How to assess run-specific calf length and ankle mobility


How to test:

Having adequate mobility of the ankle joint AND the associated flexibility of all of the muscles in the lower leg is often a big challenge for the runner!


Distance running can cause these muscles to become tighter and shorter as the miles and years add up. That’s because the calf muscles are obviously very active in running – they’re active during every phase of the stride to either power us forward OR help resist the forces like gravity and ground reaction that are beating us down.

If you lose mobility of the ankle due to excess shortness of the calf muscles, you could end up with some compensation and dysfunction in your foot mechanics – your heel lifting too soon as you go through the gait cycle, or your foot toeing in or toeing out. Any of this would result in one part of the foot or leg being asked to do a job it isn’t designed to do. What results? Achilles tendonitis, foot or ankle pain, overuse of the peroneal tendons which run behind the ankle, and on and on!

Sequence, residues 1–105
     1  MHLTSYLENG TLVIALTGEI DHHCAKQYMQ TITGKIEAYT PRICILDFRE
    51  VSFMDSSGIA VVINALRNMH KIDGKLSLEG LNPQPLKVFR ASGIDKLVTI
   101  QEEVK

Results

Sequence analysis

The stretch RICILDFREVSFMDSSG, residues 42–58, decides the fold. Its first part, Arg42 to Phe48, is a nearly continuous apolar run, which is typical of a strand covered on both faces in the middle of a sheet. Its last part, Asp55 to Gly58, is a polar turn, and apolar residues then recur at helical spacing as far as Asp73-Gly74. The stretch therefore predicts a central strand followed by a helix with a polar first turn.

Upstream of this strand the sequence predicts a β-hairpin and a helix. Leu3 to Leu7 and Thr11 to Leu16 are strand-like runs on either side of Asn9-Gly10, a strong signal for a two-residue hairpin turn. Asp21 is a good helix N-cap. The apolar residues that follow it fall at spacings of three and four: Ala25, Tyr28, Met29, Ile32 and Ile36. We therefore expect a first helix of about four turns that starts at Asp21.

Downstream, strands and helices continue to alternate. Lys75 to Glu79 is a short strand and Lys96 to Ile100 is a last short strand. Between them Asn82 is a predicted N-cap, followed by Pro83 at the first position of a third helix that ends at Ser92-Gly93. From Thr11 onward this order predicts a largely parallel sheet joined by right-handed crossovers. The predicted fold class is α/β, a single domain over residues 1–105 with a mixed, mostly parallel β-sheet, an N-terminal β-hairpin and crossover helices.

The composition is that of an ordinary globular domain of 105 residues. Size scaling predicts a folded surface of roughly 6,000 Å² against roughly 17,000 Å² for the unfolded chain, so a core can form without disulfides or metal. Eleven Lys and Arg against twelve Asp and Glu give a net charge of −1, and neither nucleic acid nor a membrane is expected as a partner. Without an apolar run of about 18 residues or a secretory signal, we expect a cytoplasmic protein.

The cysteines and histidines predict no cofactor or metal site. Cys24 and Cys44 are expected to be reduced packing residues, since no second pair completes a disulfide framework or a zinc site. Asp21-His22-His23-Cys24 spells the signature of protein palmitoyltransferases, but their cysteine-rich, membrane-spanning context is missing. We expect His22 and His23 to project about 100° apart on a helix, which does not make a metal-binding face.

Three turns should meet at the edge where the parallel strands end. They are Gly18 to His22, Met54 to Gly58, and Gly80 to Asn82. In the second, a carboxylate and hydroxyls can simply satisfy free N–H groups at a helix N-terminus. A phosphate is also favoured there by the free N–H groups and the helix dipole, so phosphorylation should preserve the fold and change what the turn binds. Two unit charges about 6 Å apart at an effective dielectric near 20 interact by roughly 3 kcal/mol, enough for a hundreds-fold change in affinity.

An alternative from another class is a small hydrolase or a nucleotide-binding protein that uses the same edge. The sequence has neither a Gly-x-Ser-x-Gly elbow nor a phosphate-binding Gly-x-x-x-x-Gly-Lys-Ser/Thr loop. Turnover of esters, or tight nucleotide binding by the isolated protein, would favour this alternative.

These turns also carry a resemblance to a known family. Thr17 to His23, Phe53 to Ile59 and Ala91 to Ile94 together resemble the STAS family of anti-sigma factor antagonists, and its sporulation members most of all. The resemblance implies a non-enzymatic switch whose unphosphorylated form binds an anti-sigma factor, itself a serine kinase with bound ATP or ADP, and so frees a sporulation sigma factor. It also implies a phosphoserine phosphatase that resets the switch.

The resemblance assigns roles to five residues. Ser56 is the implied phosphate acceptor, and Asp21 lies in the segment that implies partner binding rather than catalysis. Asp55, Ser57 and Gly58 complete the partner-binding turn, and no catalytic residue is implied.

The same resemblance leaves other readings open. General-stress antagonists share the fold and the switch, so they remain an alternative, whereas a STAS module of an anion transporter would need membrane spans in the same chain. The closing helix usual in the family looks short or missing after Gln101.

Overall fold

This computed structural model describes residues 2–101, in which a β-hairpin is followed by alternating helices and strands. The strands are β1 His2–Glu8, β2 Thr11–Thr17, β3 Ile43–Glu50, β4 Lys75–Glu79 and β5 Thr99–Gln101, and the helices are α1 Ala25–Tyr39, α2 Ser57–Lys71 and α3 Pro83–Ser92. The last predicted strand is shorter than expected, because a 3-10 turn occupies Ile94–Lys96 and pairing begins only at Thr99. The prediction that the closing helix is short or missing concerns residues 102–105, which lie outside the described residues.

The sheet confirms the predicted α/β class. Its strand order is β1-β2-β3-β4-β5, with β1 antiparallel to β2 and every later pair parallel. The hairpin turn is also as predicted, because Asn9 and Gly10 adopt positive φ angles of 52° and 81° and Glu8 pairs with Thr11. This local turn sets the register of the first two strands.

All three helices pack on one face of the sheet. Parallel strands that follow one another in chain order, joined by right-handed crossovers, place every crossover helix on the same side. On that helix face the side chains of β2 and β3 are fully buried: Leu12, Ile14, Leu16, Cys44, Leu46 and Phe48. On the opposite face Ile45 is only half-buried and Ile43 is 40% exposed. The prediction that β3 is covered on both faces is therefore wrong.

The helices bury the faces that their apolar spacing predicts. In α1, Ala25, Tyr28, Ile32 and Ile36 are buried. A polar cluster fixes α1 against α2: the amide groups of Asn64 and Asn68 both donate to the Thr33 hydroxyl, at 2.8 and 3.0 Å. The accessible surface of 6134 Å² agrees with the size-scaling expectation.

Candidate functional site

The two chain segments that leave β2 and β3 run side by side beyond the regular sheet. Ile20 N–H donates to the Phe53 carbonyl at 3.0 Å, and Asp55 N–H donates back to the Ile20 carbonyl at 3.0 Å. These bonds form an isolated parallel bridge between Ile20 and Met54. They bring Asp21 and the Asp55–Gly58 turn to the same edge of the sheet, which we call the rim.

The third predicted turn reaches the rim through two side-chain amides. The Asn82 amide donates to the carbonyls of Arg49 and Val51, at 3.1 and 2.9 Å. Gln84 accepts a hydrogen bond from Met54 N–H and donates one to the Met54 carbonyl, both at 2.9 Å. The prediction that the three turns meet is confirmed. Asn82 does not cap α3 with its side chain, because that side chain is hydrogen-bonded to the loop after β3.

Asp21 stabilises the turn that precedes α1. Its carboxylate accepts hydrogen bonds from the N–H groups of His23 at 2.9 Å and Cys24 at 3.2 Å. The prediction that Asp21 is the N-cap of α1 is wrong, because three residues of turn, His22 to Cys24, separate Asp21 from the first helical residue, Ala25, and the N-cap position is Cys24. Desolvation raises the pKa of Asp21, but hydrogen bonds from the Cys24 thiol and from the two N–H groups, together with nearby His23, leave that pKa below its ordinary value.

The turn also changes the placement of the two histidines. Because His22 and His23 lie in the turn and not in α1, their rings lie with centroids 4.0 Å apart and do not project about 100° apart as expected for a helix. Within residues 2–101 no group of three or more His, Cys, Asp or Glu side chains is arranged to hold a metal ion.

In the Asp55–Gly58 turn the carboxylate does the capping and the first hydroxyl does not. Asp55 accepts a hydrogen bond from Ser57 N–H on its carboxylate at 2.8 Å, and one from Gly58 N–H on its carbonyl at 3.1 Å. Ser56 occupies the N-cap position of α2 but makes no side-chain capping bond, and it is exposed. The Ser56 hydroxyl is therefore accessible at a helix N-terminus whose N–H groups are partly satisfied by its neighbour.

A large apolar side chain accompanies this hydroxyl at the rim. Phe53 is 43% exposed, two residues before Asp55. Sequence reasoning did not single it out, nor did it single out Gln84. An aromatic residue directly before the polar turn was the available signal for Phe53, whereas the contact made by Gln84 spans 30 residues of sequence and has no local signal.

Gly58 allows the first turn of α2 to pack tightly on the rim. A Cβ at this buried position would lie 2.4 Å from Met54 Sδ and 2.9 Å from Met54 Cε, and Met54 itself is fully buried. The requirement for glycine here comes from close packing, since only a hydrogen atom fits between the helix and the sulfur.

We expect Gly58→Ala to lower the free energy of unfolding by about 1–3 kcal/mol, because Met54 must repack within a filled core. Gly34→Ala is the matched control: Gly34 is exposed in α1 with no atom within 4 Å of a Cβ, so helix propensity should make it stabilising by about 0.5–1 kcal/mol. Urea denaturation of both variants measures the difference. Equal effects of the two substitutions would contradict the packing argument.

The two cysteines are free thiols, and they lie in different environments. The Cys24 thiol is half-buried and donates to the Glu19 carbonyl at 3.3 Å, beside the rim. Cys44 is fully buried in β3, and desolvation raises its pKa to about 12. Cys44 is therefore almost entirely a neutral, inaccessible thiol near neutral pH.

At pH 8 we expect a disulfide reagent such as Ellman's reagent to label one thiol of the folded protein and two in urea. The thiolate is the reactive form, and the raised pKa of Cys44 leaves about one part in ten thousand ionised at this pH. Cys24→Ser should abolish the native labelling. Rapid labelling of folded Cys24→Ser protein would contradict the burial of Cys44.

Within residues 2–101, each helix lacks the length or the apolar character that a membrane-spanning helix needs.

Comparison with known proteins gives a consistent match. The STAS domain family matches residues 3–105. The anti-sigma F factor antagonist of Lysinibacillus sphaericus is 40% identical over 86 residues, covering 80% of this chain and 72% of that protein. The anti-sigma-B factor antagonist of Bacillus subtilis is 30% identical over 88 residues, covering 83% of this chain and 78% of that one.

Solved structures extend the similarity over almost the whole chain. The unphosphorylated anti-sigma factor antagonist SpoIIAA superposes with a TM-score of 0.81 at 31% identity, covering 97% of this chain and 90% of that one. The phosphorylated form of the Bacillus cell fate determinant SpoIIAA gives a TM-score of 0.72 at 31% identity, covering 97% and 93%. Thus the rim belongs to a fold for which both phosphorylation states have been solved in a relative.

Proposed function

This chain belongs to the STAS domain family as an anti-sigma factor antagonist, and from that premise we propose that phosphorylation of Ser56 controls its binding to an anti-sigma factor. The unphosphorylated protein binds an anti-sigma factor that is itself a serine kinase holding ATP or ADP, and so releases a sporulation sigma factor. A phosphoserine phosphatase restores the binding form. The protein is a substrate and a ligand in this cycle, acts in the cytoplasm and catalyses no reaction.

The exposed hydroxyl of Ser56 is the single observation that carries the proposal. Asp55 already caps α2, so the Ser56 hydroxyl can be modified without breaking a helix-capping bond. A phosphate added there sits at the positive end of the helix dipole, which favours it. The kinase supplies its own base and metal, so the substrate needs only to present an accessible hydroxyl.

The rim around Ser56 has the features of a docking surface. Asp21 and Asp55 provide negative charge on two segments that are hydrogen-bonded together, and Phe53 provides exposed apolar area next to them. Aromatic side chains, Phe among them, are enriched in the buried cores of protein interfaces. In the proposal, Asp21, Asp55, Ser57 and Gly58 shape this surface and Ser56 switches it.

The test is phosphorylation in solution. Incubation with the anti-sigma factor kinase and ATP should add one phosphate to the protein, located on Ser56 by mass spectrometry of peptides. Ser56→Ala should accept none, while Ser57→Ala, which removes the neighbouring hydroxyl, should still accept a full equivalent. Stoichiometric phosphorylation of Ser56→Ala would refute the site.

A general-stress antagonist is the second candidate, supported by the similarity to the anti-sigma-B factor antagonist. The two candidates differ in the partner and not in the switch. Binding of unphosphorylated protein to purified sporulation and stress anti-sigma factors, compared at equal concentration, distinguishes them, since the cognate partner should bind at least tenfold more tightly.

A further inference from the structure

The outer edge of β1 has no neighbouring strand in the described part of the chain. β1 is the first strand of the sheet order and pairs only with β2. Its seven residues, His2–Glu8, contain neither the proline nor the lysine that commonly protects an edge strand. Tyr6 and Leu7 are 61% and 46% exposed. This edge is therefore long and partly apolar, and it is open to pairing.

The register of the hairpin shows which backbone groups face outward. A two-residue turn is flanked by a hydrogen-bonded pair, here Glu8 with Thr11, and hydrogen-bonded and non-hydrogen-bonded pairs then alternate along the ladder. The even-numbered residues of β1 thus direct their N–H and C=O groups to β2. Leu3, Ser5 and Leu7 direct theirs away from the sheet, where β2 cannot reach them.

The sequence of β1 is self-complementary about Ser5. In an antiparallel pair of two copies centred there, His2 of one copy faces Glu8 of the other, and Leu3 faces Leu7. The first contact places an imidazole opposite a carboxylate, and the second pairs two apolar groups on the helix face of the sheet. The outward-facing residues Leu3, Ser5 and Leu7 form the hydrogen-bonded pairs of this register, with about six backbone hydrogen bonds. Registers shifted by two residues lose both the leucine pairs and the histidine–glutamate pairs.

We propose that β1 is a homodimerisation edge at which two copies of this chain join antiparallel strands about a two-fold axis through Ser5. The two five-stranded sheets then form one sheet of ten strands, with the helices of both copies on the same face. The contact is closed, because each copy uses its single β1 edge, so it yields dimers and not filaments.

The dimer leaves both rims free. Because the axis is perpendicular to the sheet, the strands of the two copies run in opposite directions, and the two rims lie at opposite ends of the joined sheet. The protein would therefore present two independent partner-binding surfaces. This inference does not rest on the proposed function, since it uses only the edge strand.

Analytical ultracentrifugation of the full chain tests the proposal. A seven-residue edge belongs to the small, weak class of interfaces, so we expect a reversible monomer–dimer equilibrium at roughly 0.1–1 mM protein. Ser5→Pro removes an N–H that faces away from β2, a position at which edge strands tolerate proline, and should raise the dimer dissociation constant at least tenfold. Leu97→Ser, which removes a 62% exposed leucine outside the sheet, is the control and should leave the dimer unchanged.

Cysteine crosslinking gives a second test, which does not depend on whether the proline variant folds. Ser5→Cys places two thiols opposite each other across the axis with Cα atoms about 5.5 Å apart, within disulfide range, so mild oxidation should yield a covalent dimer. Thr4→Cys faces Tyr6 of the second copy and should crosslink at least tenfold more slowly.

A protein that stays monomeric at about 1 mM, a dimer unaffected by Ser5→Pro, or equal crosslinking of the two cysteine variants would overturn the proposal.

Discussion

As you know, in order to run fast and remain injury free, every part of the body needs to do its job. That’s never more true than when it comes to our legs and feet!

How to know if you have enough length? Check out the video and follow the guidance.

A portion of the 30-minute “Follow Along with Coach Al” video series (also found in the Performance Portal) is focused on stretching out the calf muscles in three different positions.